Charles Taylor had a long road from Liberia to the U.S. to war criminal

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Liberia's Charles Taylor listens to speeches at the Centennial Memorial Pavilion after resigning as president, August 11, 2003. (Photo by Juda Ngwenya/Reuters.)

Charles Taylor was born in Liberia in 1948. In the 1970’s, he earned a degree in economics from Bentley College just outside of Boston.

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After that, Taylor returned to Liberia and joined the government in 1980 after a military coup.

A few years later, Taylor fled to the United States after he was accused of embezzling close to $1 million. He was arrested and imprisoned in Massachusetts. In 1985, Taylor tied bed sheets together and escaped from the second-floor of a prison cell. Taylor claims that the CIA aided his escape. 

On Thursday, Taylor found out he'd be going back to prions — and his odds of escaping this time will be slim. Taylor was convicted of aiding and abetting war cimes in connection with the decade-long civil war in Sierra Leone. He'll be sentenced next month.

But before he participated in that civil war, Taylor had to get from the prison he escaped in the UNited States back to Africa. Taylor made his way to Libya where he spent time training under Muammar Gaddafi. In 1989, Taylor led a rebel militia into Liberia to overthrow the government. A chaotic on-again, off-again civil war followed. It lasted 13 years.

During the fighting, Taylor regularly called into the BBC.

TAYLOR: We will be sending a delegation on tomorrow.

HOST: Do you have any hopes that peace might be negotiated there?

TAYLOR We are not there to negotiate anything. We were invited by ECOWAS, we are there to listen to what we have to say, Robin..

HOST: If they call for a ceasefire, will you abide by that?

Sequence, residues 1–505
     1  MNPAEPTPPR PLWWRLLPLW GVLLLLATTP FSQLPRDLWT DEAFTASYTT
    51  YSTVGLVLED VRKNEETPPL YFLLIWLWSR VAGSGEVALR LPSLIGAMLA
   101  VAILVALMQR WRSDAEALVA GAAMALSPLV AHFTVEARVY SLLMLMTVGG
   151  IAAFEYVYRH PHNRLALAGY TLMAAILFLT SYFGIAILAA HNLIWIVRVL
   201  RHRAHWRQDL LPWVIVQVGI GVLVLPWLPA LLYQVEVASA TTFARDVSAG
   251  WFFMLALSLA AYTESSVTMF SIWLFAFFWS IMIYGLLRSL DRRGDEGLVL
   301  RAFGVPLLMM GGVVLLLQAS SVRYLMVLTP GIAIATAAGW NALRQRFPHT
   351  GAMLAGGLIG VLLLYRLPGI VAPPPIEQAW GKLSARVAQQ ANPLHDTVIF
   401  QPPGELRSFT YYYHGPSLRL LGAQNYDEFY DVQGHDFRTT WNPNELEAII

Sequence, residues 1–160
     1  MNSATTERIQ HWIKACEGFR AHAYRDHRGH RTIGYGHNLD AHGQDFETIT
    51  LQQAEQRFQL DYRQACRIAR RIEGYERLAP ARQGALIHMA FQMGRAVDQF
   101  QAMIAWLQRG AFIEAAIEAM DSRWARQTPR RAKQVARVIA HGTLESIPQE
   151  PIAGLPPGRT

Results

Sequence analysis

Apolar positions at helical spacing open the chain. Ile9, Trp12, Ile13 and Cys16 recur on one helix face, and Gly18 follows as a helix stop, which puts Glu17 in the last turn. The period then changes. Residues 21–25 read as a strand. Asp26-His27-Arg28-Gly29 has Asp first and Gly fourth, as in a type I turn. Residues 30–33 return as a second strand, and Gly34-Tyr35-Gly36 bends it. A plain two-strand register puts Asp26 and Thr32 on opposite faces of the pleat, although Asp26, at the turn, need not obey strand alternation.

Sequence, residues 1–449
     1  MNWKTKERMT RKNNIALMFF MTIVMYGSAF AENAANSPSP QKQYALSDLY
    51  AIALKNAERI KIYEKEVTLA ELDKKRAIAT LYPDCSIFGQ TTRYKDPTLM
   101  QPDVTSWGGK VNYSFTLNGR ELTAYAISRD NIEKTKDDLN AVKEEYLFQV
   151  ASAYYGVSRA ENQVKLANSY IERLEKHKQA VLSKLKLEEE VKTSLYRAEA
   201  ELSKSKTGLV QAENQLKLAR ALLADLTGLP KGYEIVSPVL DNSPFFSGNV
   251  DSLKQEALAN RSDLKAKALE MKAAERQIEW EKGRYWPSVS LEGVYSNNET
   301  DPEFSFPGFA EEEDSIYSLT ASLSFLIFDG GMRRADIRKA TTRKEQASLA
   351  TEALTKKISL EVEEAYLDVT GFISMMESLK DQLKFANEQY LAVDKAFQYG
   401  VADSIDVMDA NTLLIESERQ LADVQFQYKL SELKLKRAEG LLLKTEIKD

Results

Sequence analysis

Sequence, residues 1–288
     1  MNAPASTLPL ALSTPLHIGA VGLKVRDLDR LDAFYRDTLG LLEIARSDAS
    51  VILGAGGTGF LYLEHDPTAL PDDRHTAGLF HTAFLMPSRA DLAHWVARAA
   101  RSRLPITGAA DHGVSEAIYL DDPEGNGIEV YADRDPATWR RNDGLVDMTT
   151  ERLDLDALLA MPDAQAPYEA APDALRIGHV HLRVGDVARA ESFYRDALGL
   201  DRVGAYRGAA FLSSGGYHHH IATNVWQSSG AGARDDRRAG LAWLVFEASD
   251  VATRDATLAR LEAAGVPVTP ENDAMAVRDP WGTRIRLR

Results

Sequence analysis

TAYLOR: No, there will be no cease fire, Robin, no cease fire.”

Taylor was elected president of Liberia in 1997. To many there, he was a hero. Especially in the eyes of some of the child soldiers who fought for him. Mali Goo Goo Zawoo took up arms under Taylor when he was 15.

“My thoughts of him at that time, was that he was such a wonderful and powerful man," Zawoo said. "A man who was fearless.”

Taylor was known for handing out bags of money and keeping the price of rice cheap. But he also displayed cruelty and greed. He controlled Liberia’s diamond-rich regions, rubber plantations and iron ore deposits.

Taylor supplied guns to rebels in neighboring Sierra Leone, in exchange for so-called “blood diamonds” mined by slave labor. That's the basis for this week's conviction.

Many soldiers loyal to Taylor terrorized people in Liberia and Sierra Leone, said Jennifer Cooke, director of the Africa Program at the Center for Strategic and International Studies in Washington.

“Rapes, killings and so forth, just the worst forms of brutality that warlords and the young men who fought for them could think up," Cooke said.

Rebels in Sierra Leone came up with new vocabulary for their atrocities. Applying “a smile” meant cutting off the upper and lower lips of a victim. They regularly hacked off arms of their victims. Brainwashed child soldiers were forced to kill parents and relatives.

Cooke says in the pantheon of bad guys, Taylor stands out.

“I’d say he’s up there with some of the worst, not only because of the brutality that he wreaked on Liberians, but also because he was key in kind of fomenting a whole system of conflict within West Africa that was particularly brutal," she explained.

Six years after becoming president of Liberia, Taylor was indicted for war crimes. Shortly after the indictment in 2003, he called the charges vindictive and racist.

"Some little American prosecutor wants to disgrace an African president. This whole thing of using some little fellow to run around to disgrace African leaders and make a mess of us, because we are supposed to be monkeys in the trees, I think is something that African leaders have to look at very seriously," he said. "It is not just about Charles Taylor (clapping). This is not about Charles Taylor.”

A few months later, under pressure from the Bush Administration, Taylor left office and was provided safe haven in Nigeria. Three years later, Nigeria told him he had to go. Taylor fled and was captured trying to cross into Cameroon.

When Taylor left Liberia in 2003, the Economist Magazine named the country the worst place in the world. Today, eight years later, the country is the second poorest on the planet.